In a 2018 survey released by Zhenai, a popular matchmaking website, almost 60 percent of those classified as single had not dated for three years. It also found that 70 percent of single people who live in cities feel anxious about how to get into a relationship, while only 40 percent who live in smaller townships have the same concerns.
These are changing times. Most young people say they don't like arranged marriages or parental interference in their love lives. A survey released by the China Youth Daily in June shows that more than 61 percent of young people oppose arranged marriages and wanted their parents to stay out of their search for a partner.
Many online matchmaking services have emerged in recent years. The three biggest service providers are Jiayuan, founded in 2003, which claims to have 190 million users; Zhenai, founded in 2005 with 170 million users; and Baihe founded in 2005 with 100 million users. All three websites also have their own apps. Users who are free to register on these websites may need to pay a fee while interacting with other users.
"The website provides me with a great range of choices," says Huang Ying, 32, who works for a State-owned electricity company in Guangzhou, Guangdong province. She has spent 388 yuan (US$55) on Zhenai for a year to contact people via its app.
"Most users have verified their identity on the app and have a brief statement about themselves as well as what kind of person they are looking for," Huang says.
Huang did date a man she met on Zhenai for about six months but she broke up with him.
"I believe family and educational background are vital considerations when choosing a life partner," says Huang, who adds that there is no shortcut, as the only way to find the right person is to go out and socialize and not be afraid of rejection.
Young people read other singles' information at a dating event last August ahead of Qixi Festival in Shijiazhuang, Hebei province. (JIA MINJIE / FOR CHINA DAILY)
Wang Ziyu, 27, who works as a product manager at a startup company in Beijing, is going to attend an eight-minute blind date. This, as the name implies, is a speed dating event that is common in Western countries. Within the allotted timespan, he will talk with one female participant. He has taken part in these events three times in the past two months but still feels a bit unsure about the best way to break the ice with a stranger.
He says discussing work might seem self-centered, and personal information could be boring. As for hobbies, what if you know nothing about the other person's preferences?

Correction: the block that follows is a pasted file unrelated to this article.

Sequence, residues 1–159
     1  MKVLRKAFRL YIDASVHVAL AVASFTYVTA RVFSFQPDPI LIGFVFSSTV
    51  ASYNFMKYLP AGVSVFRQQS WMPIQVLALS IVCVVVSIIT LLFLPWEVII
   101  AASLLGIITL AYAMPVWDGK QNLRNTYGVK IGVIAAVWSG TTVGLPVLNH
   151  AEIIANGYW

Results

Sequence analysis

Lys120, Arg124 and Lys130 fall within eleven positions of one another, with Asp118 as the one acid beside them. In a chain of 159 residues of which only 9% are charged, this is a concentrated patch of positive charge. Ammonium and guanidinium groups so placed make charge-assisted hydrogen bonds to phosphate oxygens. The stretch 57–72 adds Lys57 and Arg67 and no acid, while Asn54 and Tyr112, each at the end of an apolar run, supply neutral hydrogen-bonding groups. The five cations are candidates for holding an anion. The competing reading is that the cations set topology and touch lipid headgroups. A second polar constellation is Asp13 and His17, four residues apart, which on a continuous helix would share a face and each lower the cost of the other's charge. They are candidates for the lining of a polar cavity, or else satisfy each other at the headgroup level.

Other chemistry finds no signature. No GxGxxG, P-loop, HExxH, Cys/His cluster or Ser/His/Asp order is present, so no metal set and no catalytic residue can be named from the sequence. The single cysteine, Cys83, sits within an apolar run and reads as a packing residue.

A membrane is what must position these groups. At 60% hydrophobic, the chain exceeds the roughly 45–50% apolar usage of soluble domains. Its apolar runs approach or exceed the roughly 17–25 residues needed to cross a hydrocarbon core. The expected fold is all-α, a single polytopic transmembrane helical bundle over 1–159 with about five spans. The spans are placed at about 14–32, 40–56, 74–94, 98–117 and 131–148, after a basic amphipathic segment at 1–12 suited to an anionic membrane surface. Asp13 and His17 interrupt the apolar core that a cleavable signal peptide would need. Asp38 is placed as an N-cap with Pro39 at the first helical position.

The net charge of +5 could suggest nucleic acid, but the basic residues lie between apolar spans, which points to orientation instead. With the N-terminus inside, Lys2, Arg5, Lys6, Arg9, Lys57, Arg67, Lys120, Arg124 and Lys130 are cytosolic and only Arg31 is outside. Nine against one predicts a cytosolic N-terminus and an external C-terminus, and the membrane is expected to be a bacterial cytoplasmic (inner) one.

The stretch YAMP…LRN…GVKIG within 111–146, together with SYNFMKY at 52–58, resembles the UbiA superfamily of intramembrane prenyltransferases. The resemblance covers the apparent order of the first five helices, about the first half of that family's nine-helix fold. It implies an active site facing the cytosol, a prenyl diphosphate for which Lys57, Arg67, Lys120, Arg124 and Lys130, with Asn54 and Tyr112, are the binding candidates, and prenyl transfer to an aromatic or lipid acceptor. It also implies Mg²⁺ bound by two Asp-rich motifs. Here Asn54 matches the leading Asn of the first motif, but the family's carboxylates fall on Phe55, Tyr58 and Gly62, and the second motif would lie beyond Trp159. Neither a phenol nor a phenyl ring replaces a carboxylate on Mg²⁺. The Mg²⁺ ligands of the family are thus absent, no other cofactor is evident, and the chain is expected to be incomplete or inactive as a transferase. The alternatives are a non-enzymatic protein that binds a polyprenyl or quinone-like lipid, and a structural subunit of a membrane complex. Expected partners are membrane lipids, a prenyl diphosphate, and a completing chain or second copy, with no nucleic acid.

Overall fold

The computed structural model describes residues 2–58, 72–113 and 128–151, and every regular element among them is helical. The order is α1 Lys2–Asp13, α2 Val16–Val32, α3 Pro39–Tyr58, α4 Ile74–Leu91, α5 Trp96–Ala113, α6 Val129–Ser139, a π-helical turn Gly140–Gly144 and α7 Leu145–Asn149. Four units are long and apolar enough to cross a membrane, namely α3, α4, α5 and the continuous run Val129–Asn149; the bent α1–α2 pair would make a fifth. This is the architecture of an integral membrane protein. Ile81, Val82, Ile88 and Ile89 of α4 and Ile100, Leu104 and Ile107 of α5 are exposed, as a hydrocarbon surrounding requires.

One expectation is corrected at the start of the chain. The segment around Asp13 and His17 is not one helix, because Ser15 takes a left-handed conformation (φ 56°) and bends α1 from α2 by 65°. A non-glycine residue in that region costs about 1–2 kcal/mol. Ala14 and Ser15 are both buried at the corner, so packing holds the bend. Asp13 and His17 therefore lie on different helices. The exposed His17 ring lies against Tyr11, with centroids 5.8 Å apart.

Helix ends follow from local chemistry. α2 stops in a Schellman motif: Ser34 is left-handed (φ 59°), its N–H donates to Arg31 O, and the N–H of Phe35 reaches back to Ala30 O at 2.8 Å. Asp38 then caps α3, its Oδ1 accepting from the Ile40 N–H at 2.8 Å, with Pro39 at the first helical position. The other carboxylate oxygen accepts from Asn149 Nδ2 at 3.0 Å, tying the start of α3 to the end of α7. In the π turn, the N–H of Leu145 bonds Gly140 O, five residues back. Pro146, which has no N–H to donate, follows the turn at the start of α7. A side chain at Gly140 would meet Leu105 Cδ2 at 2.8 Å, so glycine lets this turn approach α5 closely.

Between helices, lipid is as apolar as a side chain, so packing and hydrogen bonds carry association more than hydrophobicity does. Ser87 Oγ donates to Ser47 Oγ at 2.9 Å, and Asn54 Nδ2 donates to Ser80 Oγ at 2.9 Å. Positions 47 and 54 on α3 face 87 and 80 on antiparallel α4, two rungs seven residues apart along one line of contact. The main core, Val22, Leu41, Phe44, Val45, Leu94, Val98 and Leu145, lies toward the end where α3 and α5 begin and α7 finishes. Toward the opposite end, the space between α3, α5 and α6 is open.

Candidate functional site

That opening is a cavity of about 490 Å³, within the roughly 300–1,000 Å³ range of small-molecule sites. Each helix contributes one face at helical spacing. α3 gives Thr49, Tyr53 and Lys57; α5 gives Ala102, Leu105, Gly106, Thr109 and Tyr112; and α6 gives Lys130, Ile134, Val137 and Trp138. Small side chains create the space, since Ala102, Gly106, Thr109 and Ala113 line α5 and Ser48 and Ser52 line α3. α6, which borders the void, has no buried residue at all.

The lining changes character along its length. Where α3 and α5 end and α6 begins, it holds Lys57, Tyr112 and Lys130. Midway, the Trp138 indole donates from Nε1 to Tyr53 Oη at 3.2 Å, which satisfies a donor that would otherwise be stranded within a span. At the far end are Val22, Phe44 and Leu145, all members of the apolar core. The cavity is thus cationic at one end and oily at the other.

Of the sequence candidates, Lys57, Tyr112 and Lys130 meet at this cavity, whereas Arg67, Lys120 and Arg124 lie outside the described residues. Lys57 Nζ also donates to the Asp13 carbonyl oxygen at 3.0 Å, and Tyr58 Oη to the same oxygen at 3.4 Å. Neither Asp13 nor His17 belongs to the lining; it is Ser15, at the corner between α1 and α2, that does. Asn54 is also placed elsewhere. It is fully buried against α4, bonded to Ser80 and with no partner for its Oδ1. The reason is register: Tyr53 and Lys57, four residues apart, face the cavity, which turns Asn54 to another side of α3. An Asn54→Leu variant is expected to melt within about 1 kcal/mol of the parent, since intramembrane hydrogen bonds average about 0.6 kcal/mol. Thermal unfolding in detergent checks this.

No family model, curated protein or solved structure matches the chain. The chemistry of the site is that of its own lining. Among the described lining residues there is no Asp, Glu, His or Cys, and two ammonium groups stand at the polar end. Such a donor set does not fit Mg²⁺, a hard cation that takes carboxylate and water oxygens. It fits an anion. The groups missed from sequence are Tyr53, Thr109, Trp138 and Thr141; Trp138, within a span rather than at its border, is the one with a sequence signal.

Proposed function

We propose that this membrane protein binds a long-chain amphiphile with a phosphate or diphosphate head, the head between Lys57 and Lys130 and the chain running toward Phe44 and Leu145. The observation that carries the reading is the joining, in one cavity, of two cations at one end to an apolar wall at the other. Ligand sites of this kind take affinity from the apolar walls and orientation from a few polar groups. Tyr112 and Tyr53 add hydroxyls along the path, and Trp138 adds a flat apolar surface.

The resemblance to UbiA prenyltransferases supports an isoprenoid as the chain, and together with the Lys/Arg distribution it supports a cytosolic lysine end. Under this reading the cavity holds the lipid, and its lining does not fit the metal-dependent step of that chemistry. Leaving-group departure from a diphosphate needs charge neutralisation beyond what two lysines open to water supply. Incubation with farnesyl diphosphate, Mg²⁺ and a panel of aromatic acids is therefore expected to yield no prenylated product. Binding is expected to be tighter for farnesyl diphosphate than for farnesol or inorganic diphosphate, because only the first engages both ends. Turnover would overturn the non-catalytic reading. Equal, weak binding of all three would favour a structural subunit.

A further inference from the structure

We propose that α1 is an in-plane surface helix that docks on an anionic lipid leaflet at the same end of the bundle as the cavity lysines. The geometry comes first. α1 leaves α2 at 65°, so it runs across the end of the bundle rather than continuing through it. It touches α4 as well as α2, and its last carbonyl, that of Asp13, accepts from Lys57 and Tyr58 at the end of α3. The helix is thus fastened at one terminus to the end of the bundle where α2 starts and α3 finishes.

"The participants talk to seven or eight people over an hour or so," he says. "Sometimes I would meet a girl with whom I am willing to share a lot, while sometimes a cold silence would descend."
The activities he attended were organized by the matchmaking platform Maisui Danshen Gongshe ("ear of wheat singles' community").
It claims to have 40,000 clients in Beijing and three brick-and-mortar meeting places around the capital.
Every night from 6:30 pm, each place will feature different blind date activities for about 20 people. Besides the eight-minute blind date, other activities include asking people to share a secret, do some daring tasks or play a board game, which is also a popular way for people to meet and interact.
Wang paid the platform 3,900 yuan, which allows him to participate in all these activities as many times as he likes until he gets married. Additionally, during his leisure time, he can also hang out at any of these cafe-styled places, where people can freely communicate and socialize.
The other choices are 3,000 yuan for a year's service, 2,000 yuan for half a year and 1,500 yuan for three months, according to Wang, but he chose the most expensive option.
"I came here searching for my lifelong partner but I realize that finding Ms Right is a process that requires patience. So, I chose the option without a time limit and visit the meeting places as often as I can," explains Wang.
He may have little chance of meeting many women in life or work, Wang confesses, but he'd like to talk to more women rather than idle away the weekends at home.
He has spent almost every weekend over the past two months at the Maisui Danshen Gongshe venues and also had his information published on its website. However, offline activities, such as talking face-to-face or attending events with other people, are his priority.
"I made nine new female friends on WeChat in two months. Maybe none of them is the one I am looking for, but at least I broadened my circle of friends," says Wang.
"A friend of mine in Beijing met her husband during her annual leave in Paris two years ago. Her future husband was a student in London. You never know where or when the right person will appear for you," he says.
"Maybe your other half is nearby, just around the corner, or far away on the road in front of you. All in all, I believe that going out to socialize and actively looking for my Ms Right is the best approach."